STEM Education And Aerospace Engineering
Aerospace engineering is considered a STEM field focusing on an aircrafts design, development, testing and operation. The field deals with the creation of anything that can fly, from miniatured drones to interplanetary rockets.
An aeronautical engineer focuses on everything that has to do with aircrafts i.e objects which fly within the Earth’s atmosphere whereas astronautical engineers focus on spacecraft- vehicles designed to move outside of Earth’s atmosphere.
Where STEM comes to play
The skill set required for both the sub-fields overlap considerably, where every engineer is required to excel at two major domains namely, physics and mathematics (multi-variable calculus and differential equations). They are further required to have solid knowledge of material science since flying objects need to withstand tremendous forces and temperature extremes while remaining lightweight. Other relevant fields of study may include mechanics, general chemistry and electromagnetism. Since flying is governed by the rules of motion, energy and force- a slight miscalculation can be fatal to human life.
Drones, helicopters, commercial aircrafts, fighter jets, cruise missiles all fall within the purview of an aeronautical engineer including the research of astronautics too. However, an aerospace engineer may supplement their engineering courses with other associated programs such as writing/communication, management, and business. Such skills are vital for high-level engineers who supervise other engineers or technicians.
For aerospace engineers, the nature of job varies. Some prefer to spend most of their time in front of computer screens- employing modelling and simulation tools. While others may tend to work in air tunnels or in the field, testing actual aircrafts and space vehicles. They may also be asked to assess project proposals, calculate safety risks and develop manufacturing processes.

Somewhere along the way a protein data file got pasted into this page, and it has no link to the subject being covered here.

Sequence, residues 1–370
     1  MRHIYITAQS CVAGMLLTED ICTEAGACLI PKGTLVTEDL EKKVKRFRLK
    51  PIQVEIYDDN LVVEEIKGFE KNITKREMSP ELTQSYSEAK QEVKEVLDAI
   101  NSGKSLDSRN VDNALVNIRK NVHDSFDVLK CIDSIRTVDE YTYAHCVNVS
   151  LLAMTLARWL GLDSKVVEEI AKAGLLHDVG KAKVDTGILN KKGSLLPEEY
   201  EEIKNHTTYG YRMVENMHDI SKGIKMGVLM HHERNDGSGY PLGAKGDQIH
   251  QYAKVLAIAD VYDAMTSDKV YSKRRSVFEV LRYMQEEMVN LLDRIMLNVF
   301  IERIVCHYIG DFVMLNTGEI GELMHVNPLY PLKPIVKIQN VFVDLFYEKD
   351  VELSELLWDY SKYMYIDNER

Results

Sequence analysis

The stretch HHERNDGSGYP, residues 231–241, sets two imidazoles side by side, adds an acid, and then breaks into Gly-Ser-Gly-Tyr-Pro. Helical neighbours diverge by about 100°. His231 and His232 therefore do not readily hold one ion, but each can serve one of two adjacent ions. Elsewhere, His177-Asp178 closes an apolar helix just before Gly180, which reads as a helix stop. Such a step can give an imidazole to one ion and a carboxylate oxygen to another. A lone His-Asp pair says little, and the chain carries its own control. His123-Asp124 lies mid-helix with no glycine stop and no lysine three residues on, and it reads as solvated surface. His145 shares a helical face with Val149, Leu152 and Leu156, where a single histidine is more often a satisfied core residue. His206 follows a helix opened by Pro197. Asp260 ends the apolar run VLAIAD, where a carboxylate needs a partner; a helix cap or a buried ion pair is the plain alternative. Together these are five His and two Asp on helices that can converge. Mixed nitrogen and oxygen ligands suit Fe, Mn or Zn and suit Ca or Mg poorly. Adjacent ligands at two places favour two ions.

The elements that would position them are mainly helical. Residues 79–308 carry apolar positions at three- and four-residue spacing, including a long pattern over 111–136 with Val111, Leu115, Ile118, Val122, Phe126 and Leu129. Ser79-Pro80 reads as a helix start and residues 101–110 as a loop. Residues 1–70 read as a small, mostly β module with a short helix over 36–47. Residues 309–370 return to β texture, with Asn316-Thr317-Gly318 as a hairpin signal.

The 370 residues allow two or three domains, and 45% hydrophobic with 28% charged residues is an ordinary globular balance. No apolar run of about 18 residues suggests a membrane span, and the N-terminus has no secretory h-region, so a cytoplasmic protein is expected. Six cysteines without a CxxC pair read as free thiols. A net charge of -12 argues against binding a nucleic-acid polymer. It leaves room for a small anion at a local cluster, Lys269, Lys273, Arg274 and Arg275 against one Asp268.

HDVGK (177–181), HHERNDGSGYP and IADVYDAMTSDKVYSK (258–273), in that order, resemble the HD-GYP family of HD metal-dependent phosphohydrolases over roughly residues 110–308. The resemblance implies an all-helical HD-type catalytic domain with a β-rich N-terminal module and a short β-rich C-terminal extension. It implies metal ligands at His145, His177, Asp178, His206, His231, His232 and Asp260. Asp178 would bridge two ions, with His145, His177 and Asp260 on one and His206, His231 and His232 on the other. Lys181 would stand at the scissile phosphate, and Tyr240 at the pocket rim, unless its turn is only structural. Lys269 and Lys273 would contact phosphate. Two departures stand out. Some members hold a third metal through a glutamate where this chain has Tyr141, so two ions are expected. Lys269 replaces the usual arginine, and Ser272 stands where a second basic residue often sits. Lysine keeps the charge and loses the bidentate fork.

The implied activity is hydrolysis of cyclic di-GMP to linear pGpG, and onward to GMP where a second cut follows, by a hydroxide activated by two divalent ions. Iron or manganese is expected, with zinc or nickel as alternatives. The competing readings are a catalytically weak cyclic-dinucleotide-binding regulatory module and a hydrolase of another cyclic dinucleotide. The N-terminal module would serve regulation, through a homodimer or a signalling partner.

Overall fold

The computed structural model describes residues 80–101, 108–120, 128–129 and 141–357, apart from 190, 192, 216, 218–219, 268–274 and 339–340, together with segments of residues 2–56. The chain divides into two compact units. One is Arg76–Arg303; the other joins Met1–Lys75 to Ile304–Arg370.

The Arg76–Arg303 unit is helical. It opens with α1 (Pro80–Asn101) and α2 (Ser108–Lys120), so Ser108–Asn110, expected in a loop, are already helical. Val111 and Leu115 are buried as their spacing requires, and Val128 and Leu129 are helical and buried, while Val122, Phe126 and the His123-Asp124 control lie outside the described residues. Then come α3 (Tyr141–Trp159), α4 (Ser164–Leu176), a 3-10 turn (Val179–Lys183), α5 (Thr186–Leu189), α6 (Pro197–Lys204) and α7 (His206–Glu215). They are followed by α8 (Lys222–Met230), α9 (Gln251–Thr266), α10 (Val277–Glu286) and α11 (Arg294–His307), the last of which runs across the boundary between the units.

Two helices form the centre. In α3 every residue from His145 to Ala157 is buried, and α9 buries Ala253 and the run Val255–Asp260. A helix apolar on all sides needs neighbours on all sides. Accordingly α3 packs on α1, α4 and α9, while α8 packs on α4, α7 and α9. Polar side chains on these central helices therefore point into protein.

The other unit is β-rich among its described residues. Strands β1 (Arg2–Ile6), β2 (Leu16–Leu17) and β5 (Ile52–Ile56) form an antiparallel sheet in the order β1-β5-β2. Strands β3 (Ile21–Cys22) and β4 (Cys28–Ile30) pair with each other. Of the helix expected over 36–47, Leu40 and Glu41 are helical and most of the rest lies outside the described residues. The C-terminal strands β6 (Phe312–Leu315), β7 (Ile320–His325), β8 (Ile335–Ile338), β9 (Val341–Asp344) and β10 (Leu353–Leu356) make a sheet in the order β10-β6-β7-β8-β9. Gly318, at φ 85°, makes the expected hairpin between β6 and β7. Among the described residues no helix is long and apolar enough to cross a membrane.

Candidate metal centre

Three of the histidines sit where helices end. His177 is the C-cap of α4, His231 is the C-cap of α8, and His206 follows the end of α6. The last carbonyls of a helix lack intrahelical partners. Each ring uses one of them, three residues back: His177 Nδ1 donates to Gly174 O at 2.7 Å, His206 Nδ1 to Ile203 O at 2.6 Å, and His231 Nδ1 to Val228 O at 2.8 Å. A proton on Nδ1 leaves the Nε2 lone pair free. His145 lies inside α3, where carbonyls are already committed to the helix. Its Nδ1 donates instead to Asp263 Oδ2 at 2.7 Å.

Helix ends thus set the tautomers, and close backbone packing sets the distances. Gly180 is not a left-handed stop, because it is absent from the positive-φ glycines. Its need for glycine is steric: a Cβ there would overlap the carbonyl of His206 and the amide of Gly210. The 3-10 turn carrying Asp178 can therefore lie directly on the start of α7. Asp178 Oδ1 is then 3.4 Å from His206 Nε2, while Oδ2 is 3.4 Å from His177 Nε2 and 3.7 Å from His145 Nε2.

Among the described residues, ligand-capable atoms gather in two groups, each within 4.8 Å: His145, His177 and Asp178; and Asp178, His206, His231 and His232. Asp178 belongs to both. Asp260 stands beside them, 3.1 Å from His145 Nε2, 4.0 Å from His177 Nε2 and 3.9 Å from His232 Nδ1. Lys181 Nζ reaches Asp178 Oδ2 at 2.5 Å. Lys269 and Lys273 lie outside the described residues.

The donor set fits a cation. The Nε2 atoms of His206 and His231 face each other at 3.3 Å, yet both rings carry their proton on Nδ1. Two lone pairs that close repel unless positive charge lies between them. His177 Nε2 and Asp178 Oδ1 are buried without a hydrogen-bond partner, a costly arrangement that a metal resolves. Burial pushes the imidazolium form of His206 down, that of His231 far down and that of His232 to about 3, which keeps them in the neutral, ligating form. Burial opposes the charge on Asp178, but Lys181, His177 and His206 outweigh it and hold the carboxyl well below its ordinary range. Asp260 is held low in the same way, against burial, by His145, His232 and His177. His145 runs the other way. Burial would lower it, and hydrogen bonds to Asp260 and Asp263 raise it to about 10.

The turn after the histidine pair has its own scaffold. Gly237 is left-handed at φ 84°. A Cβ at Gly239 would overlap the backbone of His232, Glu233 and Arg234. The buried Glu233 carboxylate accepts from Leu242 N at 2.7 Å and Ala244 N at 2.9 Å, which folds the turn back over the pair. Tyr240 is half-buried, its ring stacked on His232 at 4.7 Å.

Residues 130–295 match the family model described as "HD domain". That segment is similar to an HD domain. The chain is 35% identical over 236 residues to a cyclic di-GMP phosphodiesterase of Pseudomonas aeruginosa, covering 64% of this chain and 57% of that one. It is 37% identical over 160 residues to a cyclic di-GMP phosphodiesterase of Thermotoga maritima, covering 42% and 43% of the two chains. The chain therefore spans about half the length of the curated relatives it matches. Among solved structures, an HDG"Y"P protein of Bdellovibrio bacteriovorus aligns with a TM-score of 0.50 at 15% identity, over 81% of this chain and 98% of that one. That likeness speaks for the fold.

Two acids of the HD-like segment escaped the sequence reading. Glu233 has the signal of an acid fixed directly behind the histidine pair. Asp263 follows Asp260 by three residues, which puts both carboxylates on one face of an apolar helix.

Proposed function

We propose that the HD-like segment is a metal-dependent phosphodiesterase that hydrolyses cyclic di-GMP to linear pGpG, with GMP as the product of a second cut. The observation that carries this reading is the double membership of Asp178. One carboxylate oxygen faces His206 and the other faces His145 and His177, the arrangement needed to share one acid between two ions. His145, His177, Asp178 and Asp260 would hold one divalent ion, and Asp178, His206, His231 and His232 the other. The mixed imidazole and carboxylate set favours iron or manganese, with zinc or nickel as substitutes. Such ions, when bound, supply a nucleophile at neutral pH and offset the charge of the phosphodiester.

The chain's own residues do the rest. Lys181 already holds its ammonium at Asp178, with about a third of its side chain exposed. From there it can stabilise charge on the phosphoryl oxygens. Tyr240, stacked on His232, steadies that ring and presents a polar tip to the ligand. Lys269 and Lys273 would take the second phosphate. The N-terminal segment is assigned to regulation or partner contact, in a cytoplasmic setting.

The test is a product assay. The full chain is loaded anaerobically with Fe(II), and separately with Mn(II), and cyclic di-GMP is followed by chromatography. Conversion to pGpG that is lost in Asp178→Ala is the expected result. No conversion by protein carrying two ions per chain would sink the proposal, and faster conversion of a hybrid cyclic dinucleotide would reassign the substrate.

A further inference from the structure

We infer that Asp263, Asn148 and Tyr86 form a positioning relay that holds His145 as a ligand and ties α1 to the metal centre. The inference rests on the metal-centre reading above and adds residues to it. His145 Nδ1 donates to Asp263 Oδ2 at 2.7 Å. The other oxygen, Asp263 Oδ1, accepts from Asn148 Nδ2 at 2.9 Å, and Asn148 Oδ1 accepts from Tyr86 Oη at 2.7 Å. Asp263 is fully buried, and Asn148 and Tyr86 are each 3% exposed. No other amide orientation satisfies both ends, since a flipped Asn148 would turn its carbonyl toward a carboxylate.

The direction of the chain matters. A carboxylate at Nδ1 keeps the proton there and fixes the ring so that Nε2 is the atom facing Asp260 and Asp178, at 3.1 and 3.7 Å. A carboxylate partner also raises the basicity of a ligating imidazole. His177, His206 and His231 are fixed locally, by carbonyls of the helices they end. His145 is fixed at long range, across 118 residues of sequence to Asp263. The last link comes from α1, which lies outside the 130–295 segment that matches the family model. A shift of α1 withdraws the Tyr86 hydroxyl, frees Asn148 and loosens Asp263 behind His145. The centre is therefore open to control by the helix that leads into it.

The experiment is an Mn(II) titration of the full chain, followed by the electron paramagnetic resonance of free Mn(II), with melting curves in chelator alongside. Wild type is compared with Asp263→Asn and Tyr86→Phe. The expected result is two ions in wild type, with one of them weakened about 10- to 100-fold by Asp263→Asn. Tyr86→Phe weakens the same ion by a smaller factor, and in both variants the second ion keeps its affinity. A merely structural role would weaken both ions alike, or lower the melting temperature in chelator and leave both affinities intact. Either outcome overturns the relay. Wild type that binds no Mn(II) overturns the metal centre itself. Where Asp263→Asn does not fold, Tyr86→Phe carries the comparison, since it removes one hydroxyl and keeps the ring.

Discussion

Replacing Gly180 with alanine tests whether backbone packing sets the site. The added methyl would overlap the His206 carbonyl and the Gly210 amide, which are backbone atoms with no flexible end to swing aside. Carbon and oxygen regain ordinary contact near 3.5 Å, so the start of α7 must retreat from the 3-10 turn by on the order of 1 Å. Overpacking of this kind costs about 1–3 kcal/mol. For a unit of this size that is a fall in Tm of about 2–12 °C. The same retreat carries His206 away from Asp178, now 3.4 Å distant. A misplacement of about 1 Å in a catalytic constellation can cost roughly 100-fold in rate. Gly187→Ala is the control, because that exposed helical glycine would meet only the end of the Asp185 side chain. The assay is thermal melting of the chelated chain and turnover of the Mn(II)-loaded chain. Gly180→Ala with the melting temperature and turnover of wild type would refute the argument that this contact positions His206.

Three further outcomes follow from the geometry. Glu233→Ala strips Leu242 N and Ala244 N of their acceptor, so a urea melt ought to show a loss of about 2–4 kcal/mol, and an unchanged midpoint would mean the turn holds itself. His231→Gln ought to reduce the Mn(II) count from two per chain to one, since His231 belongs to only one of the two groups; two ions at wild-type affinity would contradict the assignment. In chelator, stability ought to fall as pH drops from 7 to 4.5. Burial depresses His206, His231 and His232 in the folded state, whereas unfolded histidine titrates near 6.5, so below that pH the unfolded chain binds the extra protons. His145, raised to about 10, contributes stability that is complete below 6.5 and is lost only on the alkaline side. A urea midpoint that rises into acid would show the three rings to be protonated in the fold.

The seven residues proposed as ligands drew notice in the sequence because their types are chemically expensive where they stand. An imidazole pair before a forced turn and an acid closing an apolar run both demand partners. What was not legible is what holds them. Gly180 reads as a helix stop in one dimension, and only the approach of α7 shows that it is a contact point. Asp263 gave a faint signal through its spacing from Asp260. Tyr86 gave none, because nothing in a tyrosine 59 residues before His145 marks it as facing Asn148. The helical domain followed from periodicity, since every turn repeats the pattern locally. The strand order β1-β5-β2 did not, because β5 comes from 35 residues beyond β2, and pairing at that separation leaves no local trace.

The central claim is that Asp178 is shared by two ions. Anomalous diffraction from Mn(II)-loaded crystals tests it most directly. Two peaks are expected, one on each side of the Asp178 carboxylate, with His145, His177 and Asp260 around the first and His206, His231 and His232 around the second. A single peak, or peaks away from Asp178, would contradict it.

Aerospace engineering is committed to sharing its passion for STEM disciplines to inspire the next generation with the aim to shaping and securing the future. Although many nations have lobbied in support of STEM education, and with the emergence of journal and book publications devoted to STEM, the field is broadening to include various interpretations of such education. However, one aspect that remains in need of greater inclusion is engineering experience. The contribution of engineering is well documented. It has been noted how these experiences can develop young student’s appreciation and understanding of the various role of engineering in shaping societies and how it can contextualize mathematics and science principles to enhance achievement, motivation and problem solving. It has been observed that education in engineering links student learning to other disciplines such as literacy, history and geography.
With global recognition of the significance of STEM, a greater integration of the four disciplines from both research and curriculum perspective have arisen. In US, Common Core State Standards for Mathematics and Next Generation Science Standards are advocating for more interdisciplinary approaches. The NGSS specifically includes core practices and concepts from engineering alongside those for science, highlighting the interrelated nature of science and engineering education. One of the goals of STEM education is to consider it’s learning an integral component of a twenty-first century curriculum and needs to begin with the earliest grades if societies are to nurture the engineers of the future.